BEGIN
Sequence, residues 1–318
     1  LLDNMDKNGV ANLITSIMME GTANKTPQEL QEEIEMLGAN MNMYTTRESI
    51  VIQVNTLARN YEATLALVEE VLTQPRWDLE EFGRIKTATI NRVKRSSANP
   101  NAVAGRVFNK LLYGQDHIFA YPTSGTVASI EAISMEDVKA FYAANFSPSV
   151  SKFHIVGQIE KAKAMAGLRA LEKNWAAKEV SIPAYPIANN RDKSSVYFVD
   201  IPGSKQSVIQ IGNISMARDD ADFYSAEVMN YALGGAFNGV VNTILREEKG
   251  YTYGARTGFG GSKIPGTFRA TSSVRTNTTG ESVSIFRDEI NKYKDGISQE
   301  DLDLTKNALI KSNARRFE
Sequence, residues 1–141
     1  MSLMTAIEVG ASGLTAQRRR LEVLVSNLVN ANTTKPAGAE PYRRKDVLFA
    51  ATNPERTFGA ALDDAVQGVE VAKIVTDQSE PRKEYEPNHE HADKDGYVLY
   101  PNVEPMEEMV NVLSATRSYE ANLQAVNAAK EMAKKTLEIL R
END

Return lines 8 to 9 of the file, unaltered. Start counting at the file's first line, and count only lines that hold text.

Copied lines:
   301  DLDLTKNALI KSNARRFE
Sequence, residues 1–141